Stillbirth is one of the most common adverse pregnancy outcomes in the United States, occurring in one out of every 200 pregnancies. There is a paucity of information on the outcome of pregnancies after stillbirth. Prior stillbirth is associated with a twofold to 10-fold increased risk of stillbirth in the future pregnancy. The risk depends on the etiology of the prior stillbirth, presence of fetal growth restriction, gestational age of the prior stillbirth, and race. Categorization of the cause of the initial stillbirth will allow better estimates of individual recurrence risk and guide management. A history of stillbirth also increases the risk of other adverse pregnancy outcomes in the subsequent pregnancy such as placental abruption, cesarean delivery, preterm delivery, and low birth weight infants. Prospective studies have revealed an increased risk of stillbirth with low pregnancy-associated plasma protein A, elevated maternal serum alpha fetoprotein, abnormal uterine artery Doppler studies, and antiphospholipid antibodies. However, the positive predictive value of these factors individually is poor. Because fetal growth restriction is associated with almost half of all stillbirths, the correct diagnosis of fetal growth restriction is essential. The use of individualized or customized growth standards will improve prediction of adverse pregnancy outcome by distinguishing growth-restricted fetuses from constitutionally small, healthy fetuses. Antepartum fetal surveillance and fetal movement counting are also mainstays of poststillbirth pregnancy management.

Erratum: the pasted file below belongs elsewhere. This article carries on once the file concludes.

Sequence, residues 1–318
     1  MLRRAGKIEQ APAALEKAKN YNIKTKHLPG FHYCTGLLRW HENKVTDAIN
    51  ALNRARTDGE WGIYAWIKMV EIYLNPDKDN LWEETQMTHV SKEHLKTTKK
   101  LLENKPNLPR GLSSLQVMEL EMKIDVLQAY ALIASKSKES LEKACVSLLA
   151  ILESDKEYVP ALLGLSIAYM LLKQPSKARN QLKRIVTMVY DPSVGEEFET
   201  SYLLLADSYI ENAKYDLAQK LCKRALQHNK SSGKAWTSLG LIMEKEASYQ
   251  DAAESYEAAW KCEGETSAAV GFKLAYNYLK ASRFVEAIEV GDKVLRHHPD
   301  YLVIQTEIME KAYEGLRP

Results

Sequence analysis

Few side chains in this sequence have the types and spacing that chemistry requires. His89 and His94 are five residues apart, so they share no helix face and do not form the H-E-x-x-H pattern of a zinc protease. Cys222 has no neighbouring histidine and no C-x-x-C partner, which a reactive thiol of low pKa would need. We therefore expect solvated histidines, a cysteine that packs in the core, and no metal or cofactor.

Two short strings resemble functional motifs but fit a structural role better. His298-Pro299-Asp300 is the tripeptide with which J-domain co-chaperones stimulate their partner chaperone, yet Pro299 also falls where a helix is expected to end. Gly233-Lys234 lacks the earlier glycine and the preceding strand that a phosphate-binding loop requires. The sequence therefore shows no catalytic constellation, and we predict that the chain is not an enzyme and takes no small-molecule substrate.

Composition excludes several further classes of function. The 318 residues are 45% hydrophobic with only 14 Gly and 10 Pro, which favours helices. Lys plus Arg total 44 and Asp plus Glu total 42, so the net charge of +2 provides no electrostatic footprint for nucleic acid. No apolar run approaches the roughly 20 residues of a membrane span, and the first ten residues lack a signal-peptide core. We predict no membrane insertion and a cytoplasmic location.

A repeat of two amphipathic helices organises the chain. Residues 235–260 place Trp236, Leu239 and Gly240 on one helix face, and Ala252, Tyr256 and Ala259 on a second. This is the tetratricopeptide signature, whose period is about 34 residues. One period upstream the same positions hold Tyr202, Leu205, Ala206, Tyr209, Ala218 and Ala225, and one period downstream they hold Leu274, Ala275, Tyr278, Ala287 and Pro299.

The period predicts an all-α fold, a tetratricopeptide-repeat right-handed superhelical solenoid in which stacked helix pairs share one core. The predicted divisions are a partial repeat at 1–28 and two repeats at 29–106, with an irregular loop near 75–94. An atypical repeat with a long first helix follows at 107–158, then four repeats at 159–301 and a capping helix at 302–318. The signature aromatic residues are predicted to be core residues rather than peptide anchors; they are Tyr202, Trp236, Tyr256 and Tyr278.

The twofold to tenfold increased risk of recurrent stillbirth (fetal death at or beyond 20 weeks of gestation) requires closer surveillance of subsequent pregnancies. Supplemental Digital Content is Available in the Text.
From the Pregnancy and Perinatology Branch, National Institute of Child Health and Human Development, National Institutes of Health, Bethesda, Maryland.
Continuing medical education is available online at www.greenjournal.org
Corresponding author: Uma M. Reddy MD, MPH, Pregnancy and Perinatology Branch, NICHD, NIH, 6100 Executive Blvd, Rm 4B03, MSC 7510, Bethesda, MD 20892 (express mail: Rockville, MD 20852); e-mail: firstname.lastname@example.org.
Financial Disclosure The author has no potential conflicts of interest to disclose.